FT-1000mp, I configured the radio to direct most of VOF-A's audio to the left ear and most of VFO-B's audio to the right ear. 
 
The Yaesu FT-1000mp is equipped with firmware menu settings allowing custom-configuration of the split audio.
 
The menu settings I use for the FT-1000mp allow both AF gain controls to act like gain controls. 
 
In contrast, with the old ICOM 756-PRO (about the same age as the 1000mp), those controls are labeled: AF Gain & BALANCE.


If you've never run split audio before, it might seem a little daunting at first. 
Before jumping into actual SO2-V contesting using dual receive, I spent a couple of weeks practicing using both VFO's together until I felt comfortable with the method.  Like SO2-R, SO2-V is largely an ART, employing radio technology.
 
Being one of the first transceivers to offer up dual-receive, the FT-1000mp was
well designed to locate the most used controls (for VFO-A) in the center of the radio and to the left of center. This correlates with the left ear.
 

The VFO-B knob is more to the right, correlating with the right ear. 
 
When running a frequency with VFO-A,
I LOCK that VFO on the run frequency so I don't inadvertently shift frequency when
I really mean to turn the VFO-B as I S&P elsewhere on the band.

In the contest world, properly taking advantage of dual-receive requires
CAT (Computer-Aided Transceive) software designed for this purpose. 
While WinTest and WriteLog can probably do the job, since N1MM has become N1MM+, I have found their approach to be the most effective
match to my way of operating.
 

 
To be most effective, I recommend the use of dual computer monitors. 
 
When I run portable @W7AYT the WIN-7 Toshiba laptop I use for contest operating has an HDMI port making this an easy configuration. 
 
 
 
Somehow, the Toshiba laptop even "remembers" the different monitors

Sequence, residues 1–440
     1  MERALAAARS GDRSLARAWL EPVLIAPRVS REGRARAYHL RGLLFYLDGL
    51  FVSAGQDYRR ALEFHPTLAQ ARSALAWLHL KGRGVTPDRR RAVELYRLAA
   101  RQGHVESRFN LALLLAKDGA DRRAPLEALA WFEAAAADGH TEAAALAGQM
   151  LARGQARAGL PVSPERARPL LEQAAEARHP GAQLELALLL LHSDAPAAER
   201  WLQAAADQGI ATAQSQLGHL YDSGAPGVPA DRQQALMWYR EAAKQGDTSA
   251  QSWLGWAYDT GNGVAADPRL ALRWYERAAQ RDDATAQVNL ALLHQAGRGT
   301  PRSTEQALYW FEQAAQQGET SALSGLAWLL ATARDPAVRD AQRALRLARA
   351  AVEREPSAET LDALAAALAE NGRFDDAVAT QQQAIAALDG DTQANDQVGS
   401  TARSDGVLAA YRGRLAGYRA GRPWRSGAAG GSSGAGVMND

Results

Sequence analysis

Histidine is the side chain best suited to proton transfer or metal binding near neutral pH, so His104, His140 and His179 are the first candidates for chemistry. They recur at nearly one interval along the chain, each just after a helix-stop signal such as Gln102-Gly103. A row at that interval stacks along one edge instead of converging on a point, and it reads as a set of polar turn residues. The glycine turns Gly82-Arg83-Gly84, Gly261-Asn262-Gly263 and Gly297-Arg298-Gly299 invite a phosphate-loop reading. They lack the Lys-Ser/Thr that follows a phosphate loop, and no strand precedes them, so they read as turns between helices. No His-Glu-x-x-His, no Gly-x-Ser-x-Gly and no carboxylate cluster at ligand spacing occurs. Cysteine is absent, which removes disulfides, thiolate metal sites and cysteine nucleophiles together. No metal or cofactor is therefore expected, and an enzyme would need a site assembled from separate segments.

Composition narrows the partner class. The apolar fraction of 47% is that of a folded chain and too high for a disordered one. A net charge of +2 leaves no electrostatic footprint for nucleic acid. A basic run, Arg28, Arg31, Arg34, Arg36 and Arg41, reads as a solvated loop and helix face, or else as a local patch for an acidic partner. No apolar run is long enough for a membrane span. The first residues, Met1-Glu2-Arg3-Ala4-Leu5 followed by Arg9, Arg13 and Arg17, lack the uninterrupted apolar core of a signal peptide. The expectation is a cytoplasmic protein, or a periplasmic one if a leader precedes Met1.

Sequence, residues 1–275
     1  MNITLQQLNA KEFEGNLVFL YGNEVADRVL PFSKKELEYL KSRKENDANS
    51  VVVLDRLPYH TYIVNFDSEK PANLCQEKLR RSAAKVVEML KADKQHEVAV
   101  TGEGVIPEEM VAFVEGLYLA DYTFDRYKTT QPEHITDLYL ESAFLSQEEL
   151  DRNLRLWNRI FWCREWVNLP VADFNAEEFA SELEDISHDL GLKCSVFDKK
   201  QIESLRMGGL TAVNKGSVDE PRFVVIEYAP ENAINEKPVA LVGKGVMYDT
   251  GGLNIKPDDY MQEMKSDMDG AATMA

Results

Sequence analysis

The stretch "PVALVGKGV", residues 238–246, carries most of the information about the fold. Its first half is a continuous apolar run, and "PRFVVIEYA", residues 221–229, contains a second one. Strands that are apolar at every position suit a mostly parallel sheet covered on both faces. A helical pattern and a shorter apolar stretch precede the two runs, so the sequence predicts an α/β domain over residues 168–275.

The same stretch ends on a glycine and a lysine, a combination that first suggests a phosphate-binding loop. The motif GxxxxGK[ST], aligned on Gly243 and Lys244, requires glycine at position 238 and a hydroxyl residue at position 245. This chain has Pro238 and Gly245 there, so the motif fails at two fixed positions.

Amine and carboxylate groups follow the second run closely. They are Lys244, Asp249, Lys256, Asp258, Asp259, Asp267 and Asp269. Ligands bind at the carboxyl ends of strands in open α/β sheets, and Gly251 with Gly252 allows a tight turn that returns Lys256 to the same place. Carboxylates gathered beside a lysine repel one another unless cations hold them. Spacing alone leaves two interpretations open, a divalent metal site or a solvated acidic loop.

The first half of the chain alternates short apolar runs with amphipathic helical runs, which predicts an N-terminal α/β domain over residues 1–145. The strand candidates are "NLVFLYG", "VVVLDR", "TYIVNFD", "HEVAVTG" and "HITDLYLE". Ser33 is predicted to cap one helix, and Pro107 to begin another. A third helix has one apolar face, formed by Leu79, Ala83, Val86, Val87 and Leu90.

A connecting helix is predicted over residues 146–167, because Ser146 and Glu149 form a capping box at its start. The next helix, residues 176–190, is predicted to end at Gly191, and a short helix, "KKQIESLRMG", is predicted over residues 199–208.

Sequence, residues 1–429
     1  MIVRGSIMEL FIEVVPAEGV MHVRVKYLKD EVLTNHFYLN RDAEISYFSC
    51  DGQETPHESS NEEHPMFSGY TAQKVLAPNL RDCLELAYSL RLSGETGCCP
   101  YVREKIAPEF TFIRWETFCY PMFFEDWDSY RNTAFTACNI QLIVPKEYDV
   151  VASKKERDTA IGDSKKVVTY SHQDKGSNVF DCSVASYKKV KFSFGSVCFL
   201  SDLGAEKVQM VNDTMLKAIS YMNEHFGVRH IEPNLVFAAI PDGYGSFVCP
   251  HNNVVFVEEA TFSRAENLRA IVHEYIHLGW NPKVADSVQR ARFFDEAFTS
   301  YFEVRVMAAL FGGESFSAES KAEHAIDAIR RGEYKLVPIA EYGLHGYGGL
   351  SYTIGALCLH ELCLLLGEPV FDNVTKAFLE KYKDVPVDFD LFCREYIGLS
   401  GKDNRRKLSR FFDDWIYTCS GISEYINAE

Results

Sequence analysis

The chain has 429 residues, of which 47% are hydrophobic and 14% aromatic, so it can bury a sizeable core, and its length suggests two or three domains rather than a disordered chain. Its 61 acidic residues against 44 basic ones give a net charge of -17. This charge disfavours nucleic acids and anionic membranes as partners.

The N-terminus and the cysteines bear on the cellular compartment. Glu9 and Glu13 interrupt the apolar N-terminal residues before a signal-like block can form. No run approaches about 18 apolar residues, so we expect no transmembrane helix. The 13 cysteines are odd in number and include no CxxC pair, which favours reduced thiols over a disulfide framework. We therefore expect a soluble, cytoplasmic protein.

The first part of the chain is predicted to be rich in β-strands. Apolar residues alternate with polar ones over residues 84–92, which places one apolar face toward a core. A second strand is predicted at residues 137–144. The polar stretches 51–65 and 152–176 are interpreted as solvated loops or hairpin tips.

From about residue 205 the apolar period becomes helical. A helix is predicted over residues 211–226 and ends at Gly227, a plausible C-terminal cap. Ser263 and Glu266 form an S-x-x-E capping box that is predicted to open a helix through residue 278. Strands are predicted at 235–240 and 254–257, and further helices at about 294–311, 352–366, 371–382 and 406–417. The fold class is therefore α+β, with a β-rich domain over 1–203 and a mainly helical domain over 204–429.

I plug into it. Configuring the external monitor as the MAIN screen, leaves
the laptop to display things that do not need my immediate attention.

Then again, as you can see from the above photo, for the 2016 SSB Sweepstakes portable setup @ W7AYT I managed to fit everything (N1MM+ related) on the LARGE video monitor. Both methods have their advantages. 
 
To get used to the frantic nature of SO2-V using the contest pile-up trainer can help you work through the confusion before the actual contest weekend arrives.

  
Sometime ago, someone sent me a document with a detailed write up on running SO2V using N1MM. It is from this document that I learned the fundamentals of SO2-V contesting. From there, it was just practice, practice, practice. I searched the internet for this document and could not find it. Therefore, to make things easier, I uploaded a copy of it onto the WQ6X.Info web server. [CLICK HERE]
to read this document.

In summary, while a more complex method for running radiosport contests,
SO2-V can certainly increase your operating efficiency if you take the time to
learn the ins-and-outs of this method. I don't wish you luck with SO2-V.
Instead, I wish you SUCCESS.

Listen carefully for me during my next portable contest operation from
W7AYT - I may well be running SO2-V.